I paint because it enables me to form my ideas and thoughts into something physical. When I view the world around me I am constantly breaking it down into lines, connections, measurements, weight, and influence - as if I am editing a rough draft with highlighters and pens. I enjoy deconstructing life and looking at it through slow motion while asking myself why did this happen or how did that happen? If I could map and graph organic, uncontrollable material, such as animals or humans, then maybe I can make more sense of it all. I cannot control much of life, but when I paint it, I can control a small slice of it.
Previously I have focused much of my work on a single animal or figure and have broken it down within the moment it has been captured. In my more recent work, I have grown more concerned with how the paint is applied to the paper and its visual stimulation as opposed to the conceptual depth. All of my pieces challenge the viewer to question his perspective of the subject matter. All of the work is geared toward vulnerability, dark undertones, or subtle humor.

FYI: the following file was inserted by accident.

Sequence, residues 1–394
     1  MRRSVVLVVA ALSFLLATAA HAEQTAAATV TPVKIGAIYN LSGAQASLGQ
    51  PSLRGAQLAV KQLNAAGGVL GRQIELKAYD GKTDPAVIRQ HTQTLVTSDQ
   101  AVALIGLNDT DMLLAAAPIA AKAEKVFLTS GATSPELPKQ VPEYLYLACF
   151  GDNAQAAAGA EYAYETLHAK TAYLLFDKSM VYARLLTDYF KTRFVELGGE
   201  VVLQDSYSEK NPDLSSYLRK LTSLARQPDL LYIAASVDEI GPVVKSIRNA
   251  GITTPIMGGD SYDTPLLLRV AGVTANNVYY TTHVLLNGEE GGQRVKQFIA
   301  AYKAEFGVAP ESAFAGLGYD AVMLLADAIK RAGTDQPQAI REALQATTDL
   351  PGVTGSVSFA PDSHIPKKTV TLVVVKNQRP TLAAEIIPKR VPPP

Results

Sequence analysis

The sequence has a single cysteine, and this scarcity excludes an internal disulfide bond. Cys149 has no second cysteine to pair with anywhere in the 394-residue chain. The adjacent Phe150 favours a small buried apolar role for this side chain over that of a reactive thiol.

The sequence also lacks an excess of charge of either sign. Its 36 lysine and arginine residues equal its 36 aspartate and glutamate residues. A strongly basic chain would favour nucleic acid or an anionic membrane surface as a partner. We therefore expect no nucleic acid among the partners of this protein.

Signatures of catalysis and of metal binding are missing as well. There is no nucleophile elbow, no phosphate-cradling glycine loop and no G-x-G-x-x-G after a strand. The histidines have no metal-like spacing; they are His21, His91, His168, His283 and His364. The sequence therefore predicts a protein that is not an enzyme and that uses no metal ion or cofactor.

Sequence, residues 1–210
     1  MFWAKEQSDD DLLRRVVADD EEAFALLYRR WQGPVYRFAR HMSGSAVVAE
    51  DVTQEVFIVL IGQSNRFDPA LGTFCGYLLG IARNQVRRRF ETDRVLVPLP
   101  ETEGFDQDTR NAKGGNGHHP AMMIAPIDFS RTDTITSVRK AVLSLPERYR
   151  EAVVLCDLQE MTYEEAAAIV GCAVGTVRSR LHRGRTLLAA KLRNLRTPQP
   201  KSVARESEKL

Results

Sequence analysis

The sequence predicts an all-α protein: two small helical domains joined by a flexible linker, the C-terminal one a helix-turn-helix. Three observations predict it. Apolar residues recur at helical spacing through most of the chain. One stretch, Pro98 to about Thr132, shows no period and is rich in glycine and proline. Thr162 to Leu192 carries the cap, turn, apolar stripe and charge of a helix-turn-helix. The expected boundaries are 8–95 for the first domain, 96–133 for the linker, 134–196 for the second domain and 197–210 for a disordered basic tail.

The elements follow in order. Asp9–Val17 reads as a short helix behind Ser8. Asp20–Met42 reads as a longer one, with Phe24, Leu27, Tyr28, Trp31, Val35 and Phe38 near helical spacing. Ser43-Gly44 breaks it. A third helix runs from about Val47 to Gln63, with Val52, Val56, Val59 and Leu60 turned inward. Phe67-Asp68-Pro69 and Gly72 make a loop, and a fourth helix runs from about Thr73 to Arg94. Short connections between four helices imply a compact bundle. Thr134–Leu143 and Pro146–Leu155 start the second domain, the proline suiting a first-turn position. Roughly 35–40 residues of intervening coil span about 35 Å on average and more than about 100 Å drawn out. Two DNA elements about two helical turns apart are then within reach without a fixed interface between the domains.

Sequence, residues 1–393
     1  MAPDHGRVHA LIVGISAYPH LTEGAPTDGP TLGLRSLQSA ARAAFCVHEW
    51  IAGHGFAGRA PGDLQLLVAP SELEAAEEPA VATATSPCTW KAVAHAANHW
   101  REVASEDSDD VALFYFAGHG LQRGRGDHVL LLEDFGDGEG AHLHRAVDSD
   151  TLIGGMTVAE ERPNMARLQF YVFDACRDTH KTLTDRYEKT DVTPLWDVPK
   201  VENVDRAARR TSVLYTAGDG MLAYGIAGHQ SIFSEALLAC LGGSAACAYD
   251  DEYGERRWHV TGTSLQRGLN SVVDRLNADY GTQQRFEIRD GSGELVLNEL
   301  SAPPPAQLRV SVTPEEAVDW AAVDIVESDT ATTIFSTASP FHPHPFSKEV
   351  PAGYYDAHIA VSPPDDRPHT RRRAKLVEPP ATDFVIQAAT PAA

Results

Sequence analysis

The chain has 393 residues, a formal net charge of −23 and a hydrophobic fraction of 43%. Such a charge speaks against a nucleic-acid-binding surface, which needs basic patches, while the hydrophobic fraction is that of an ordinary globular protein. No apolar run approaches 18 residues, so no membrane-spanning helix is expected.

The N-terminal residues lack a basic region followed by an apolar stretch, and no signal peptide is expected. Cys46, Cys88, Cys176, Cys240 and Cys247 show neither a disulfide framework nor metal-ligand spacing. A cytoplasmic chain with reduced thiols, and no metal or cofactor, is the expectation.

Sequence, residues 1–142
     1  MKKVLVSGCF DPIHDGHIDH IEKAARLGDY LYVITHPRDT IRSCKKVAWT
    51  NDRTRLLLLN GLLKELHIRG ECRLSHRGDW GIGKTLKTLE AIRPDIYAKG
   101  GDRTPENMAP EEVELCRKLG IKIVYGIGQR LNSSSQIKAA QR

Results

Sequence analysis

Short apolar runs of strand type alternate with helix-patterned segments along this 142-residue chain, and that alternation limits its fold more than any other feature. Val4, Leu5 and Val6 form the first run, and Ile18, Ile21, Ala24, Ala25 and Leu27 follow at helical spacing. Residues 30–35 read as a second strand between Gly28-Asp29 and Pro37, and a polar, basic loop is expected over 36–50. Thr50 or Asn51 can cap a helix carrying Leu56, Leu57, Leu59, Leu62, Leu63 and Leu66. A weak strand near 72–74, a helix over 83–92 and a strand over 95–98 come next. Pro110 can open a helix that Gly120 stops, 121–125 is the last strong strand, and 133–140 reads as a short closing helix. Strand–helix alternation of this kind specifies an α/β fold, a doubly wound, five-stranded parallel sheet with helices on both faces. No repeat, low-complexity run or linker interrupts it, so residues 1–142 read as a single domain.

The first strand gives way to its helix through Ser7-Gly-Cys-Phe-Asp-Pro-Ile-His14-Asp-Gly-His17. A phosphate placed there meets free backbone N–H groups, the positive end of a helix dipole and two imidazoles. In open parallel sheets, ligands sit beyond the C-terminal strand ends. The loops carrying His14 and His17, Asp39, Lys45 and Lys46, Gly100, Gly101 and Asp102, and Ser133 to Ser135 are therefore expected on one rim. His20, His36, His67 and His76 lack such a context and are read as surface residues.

While I have not fully embraced the modernist mentality of painting for painting sake, the production process has become important to me. Everything within the work is chosen for a reason: titles, words, symbols, patterns, historical references, colors – I want the viewer to deconstruct the work and consider why the paintings look the way they do. I want to map out the big picture as a means to grasp it better – make it seem less overwhelming. As it relates to fear or emotional, mental struggles; if I can freeze it and analyze it void of the emotion weight, might I be able to overcome it?
Evolving this body of work both excites and motivates me. I look forward to seeing where further exploration can lead in my pursuit of putting thoughts and ideas into physical form.
updated June 2019